How to Observe in Archaeology
by F. G. Kenyon
Publisher: British Museum 1920
Number of pages: 102
This handbook is intended primarily for the use of travelers in the Near and Middle East who are interested in antiquities without being already trained archaeologists. Much knowledge is lost because it comes in the way of those who do not know how to profit by it or to record it. Accordingly, it has been thought that a handbook of elementary information and advice may be found of service by travelers with archaeological tastes; and the Trustees of the British Museum have undertaken the publication of it.
Home page url
Download or read it online for free here:
by Sjoerd J. Kluiving, Erika Guttmann-Bond (eds) - Amsterdam University Press
This volume is focusing on the definition of landscape as used by processual archaeologists, earth scientists, and most historical geographers. It provides a rich foundation for discussion, and the papers in this collection cover a variety of topics.
by Frank Stevens - Sampson Low, Marston & Co.
Amongst the many stone circles scattered over Great Britain, Stonehenge is unique, in the fact of having its stones carefully though roughly worked; and also in the introduction of the horseshoe within the circles, in the design of the building.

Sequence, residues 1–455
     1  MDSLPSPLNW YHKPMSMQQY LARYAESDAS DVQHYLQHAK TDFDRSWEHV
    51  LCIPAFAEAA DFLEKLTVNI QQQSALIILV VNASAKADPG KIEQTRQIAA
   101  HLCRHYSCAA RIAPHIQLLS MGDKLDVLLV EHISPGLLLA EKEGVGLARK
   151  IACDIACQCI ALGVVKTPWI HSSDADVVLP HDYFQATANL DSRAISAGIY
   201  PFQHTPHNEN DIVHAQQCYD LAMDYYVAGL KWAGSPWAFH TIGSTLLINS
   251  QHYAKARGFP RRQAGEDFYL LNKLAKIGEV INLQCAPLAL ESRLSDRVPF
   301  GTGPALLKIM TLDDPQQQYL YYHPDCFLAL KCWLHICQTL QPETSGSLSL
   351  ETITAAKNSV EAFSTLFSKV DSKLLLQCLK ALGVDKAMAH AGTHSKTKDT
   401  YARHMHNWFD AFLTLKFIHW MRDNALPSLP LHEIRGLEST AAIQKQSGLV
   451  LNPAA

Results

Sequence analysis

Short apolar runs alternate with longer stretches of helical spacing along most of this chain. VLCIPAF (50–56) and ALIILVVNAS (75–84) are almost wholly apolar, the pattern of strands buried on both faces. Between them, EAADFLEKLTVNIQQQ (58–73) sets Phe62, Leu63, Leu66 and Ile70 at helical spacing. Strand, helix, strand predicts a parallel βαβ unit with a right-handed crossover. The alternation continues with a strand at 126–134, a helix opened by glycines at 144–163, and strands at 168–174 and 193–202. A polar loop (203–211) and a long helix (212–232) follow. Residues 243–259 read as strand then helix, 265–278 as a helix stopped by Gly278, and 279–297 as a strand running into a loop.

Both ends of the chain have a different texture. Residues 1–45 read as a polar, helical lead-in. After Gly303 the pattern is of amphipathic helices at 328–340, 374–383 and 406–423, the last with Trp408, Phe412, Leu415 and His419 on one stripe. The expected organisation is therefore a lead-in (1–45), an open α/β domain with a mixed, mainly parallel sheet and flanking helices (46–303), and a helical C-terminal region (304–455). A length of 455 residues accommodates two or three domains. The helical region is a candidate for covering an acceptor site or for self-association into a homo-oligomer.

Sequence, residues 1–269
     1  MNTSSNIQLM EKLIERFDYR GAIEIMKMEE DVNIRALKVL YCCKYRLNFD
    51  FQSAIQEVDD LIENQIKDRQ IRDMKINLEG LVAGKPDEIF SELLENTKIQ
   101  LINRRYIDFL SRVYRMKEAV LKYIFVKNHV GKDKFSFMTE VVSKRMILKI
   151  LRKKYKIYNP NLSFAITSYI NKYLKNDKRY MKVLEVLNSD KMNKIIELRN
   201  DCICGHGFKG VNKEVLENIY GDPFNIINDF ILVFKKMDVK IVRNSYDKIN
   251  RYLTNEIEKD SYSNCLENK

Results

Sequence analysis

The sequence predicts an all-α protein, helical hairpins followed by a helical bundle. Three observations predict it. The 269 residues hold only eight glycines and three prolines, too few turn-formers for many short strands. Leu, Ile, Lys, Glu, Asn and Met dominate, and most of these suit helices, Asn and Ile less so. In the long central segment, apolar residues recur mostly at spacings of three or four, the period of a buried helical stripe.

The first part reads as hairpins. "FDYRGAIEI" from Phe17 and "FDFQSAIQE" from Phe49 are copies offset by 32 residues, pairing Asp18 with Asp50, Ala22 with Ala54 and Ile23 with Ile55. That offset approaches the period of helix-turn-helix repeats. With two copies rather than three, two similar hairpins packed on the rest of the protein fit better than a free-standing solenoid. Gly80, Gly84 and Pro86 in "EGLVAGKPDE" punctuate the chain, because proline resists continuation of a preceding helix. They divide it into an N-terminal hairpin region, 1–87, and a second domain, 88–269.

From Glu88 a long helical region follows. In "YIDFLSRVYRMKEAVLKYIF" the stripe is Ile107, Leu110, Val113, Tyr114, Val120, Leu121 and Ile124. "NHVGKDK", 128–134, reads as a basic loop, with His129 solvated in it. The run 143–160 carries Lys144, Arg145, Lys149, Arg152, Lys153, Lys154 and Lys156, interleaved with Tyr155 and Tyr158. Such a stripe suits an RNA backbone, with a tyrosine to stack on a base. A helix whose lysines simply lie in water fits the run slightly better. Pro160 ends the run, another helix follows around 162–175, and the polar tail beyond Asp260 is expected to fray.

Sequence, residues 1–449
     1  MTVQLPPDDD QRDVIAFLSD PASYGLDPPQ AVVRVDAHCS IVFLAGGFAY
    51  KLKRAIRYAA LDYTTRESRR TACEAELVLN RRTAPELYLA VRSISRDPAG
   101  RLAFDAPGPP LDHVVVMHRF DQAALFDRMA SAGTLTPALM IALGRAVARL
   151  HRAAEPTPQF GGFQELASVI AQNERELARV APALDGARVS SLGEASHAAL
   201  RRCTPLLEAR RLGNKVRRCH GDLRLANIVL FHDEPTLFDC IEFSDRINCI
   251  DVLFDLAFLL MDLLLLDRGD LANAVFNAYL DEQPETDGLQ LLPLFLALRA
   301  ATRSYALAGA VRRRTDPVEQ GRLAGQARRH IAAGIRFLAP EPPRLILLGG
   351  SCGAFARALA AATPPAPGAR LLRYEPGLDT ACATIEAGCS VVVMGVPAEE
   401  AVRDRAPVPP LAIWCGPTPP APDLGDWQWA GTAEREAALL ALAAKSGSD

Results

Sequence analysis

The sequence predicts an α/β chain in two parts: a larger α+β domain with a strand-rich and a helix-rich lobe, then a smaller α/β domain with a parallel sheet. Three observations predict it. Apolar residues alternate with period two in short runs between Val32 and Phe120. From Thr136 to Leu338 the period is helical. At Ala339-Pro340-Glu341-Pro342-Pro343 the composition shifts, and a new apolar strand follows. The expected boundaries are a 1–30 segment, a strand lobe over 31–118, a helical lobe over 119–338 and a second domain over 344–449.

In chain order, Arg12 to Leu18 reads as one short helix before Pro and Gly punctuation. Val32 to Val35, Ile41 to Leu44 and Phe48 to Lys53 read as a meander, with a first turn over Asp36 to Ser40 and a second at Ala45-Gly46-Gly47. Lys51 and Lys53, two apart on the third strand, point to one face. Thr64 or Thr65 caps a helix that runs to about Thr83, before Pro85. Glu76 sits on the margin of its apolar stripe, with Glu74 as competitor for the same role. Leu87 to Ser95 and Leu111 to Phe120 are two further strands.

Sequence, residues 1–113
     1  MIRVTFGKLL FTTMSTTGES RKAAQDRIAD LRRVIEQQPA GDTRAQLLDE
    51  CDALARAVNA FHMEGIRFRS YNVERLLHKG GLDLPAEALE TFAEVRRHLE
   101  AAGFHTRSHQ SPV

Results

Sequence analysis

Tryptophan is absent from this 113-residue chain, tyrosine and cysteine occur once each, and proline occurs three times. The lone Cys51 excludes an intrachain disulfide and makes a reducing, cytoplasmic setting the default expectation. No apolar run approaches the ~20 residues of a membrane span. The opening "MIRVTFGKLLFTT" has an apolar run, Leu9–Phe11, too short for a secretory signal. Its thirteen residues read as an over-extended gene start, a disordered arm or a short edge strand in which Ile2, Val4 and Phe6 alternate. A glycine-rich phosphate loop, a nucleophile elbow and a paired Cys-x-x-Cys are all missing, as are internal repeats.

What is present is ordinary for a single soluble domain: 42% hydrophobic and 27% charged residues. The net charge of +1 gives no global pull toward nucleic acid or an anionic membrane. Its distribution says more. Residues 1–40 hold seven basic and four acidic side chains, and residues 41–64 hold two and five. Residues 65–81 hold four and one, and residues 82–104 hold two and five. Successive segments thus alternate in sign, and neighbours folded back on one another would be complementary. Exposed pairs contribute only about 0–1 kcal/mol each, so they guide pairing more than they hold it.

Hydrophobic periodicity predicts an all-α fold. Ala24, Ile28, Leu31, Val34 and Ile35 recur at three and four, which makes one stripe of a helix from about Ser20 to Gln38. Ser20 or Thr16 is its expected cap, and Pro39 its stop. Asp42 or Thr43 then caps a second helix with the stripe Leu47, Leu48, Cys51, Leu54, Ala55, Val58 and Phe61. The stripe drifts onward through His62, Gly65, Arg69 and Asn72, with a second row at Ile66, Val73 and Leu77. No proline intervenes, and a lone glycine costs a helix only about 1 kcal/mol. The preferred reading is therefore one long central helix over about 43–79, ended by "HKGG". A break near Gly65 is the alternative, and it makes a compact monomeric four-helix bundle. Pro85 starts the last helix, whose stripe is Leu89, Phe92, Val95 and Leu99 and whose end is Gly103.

by E. C. Kansa, S. W. Kansa, E. Watrall - eScholarship.org
How is the Web transforming the professional practice of archaeology? How can we best understand the possibilities of the Web in meeting the specialized needs of professionals? These are among the many questions posed and addressed in this book.
by Imma Ollich-Castanyer - InTech
Topics: New Approaches About Archaeological Theory; Use of Geophysics on Archaeological Fieldwork; New Applied Techniques - Improving Material Culture and Experimentation; and Sharing Knowledge - Some Proposals Concerning Education.